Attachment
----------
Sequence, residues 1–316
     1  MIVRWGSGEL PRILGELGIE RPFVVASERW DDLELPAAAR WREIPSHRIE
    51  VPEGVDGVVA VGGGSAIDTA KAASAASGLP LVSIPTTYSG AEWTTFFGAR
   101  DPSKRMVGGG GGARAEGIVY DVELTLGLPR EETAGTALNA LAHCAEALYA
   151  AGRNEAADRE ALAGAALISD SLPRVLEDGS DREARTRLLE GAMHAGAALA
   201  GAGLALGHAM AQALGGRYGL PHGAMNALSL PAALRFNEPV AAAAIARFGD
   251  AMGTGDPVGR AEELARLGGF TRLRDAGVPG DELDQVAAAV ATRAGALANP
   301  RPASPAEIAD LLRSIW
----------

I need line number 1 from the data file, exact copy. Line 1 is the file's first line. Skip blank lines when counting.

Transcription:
Sequence, residues 1–316